Why the U.S. Marines social media ban is a bad decision

Army Reserve communicator says the move hinders communication with troops.

Army Reserve communicator says the move hinders communication with troops

The announcement from StratComm and the Marines is a bit disheartening—but not something we aren’t already working around.

Right now, those of us at Army Reserve headquarters who need access to social media have it from within the network. The problem: Our field public affairs staffs don’t have access from the network.

We are working on getting DSL/Cable/FIOS drops and stand-alone computers (not on the official network) to all our public affairs offices to include this one (in case they switch us off too). This will allow us to continue to access social media and use it for our official communications programs.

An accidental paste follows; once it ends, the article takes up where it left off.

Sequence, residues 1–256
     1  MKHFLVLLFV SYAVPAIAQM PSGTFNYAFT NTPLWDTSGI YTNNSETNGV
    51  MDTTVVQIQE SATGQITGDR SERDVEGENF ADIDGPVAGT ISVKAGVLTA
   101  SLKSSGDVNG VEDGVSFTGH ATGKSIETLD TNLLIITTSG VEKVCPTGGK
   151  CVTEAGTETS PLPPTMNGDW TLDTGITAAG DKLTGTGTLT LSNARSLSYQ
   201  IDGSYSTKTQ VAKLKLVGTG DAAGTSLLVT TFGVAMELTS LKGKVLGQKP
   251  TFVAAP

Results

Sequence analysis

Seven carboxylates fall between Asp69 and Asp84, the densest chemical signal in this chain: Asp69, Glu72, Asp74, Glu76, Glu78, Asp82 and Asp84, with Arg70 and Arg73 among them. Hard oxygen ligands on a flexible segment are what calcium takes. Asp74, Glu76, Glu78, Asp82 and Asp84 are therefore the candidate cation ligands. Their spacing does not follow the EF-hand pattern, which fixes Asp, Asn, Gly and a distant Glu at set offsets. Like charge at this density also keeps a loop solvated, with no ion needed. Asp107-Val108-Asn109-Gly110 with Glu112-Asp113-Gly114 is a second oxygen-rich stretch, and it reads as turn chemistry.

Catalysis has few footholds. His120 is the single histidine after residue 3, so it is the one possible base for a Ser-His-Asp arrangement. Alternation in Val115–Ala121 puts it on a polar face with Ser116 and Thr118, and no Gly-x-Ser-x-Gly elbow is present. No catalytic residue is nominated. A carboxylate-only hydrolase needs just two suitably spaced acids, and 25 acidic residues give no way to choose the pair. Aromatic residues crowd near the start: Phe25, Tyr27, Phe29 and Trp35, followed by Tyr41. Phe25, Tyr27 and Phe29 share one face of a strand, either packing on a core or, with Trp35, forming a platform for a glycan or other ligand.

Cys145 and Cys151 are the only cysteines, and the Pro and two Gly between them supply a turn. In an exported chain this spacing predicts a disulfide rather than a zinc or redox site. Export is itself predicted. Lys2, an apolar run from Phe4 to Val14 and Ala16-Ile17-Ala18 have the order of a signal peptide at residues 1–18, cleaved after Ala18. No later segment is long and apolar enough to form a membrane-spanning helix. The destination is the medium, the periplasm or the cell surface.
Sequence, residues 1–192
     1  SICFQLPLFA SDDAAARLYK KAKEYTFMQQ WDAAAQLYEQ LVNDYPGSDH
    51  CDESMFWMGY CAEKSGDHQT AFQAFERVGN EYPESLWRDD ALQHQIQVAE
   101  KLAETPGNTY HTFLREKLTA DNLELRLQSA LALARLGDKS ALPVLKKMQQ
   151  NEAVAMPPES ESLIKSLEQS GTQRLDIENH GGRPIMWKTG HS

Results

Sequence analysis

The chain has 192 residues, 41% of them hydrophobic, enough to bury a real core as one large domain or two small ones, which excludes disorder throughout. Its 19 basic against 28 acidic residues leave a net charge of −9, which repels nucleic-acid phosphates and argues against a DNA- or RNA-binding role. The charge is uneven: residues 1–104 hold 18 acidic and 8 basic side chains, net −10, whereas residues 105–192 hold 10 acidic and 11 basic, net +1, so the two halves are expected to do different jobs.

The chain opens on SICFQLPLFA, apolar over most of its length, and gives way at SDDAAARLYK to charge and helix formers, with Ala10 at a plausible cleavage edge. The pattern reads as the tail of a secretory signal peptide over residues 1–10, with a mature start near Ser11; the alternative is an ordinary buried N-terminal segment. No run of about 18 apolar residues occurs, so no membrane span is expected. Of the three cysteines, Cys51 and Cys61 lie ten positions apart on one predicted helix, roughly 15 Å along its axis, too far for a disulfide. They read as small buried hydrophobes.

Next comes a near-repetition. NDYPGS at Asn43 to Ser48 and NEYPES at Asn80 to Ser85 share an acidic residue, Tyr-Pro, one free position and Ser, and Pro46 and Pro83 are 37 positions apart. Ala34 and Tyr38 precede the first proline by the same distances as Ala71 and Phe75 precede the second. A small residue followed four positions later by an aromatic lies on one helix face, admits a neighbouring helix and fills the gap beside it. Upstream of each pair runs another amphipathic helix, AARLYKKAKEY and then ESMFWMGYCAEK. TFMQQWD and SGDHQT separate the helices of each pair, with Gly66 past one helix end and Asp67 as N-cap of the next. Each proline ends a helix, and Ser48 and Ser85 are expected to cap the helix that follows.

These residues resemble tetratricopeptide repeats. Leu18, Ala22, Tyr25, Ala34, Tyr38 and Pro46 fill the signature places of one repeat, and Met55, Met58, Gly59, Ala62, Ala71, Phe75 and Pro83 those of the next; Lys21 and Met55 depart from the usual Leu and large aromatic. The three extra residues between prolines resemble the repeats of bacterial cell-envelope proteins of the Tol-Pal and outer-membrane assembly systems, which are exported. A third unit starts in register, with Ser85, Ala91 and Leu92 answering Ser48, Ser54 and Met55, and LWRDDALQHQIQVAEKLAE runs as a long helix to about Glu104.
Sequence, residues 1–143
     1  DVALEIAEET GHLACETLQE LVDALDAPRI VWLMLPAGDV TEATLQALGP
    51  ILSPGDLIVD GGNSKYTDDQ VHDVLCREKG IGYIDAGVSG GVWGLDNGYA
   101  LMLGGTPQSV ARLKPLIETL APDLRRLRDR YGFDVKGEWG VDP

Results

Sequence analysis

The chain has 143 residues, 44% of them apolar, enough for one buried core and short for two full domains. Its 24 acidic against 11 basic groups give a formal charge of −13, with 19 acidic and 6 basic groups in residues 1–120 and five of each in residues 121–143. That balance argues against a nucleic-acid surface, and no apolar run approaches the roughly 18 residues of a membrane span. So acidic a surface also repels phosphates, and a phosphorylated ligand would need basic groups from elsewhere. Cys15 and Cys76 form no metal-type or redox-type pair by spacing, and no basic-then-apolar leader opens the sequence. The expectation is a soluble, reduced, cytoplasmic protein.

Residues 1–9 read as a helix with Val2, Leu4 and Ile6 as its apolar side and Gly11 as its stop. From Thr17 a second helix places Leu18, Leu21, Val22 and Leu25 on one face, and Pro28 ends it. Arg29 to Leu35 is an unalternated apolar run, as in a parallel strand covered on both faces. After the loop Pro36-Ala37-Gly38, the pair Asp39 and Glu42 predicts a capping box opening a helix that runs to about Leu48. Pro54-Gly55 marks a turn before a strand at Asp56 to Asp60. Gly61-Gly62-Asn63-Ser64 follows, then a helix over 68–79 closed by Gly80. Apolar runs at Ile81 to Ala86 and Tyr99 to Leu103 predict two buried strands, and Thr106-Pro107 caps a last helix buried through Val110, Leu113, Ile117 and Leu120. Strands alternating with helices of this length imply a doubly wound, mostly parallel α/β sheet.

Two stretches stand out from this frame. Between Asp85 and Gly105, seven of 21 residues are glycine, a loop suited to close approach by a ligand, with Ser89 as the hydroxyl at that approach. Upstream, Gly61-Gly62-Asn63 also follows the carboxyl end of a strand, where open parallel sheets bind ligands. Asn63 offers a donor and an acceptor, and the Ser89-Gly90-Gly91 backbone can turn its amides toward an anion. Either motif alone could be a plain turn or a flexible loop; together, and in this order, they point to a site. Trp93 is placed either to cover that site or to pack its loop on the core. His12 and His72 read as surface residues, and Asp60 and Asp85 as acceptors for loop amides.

The bottom line is that we will continue to use social media. The question is whether we will be able to use the Army/Army Reserve/Department of Defense networks to do it, or will Public Affairs Officers (PAOs) be forced to spend resources on stand-alone machines and internet access. Or, worse, have to go home at night and use their personal connections to do the government’s business.

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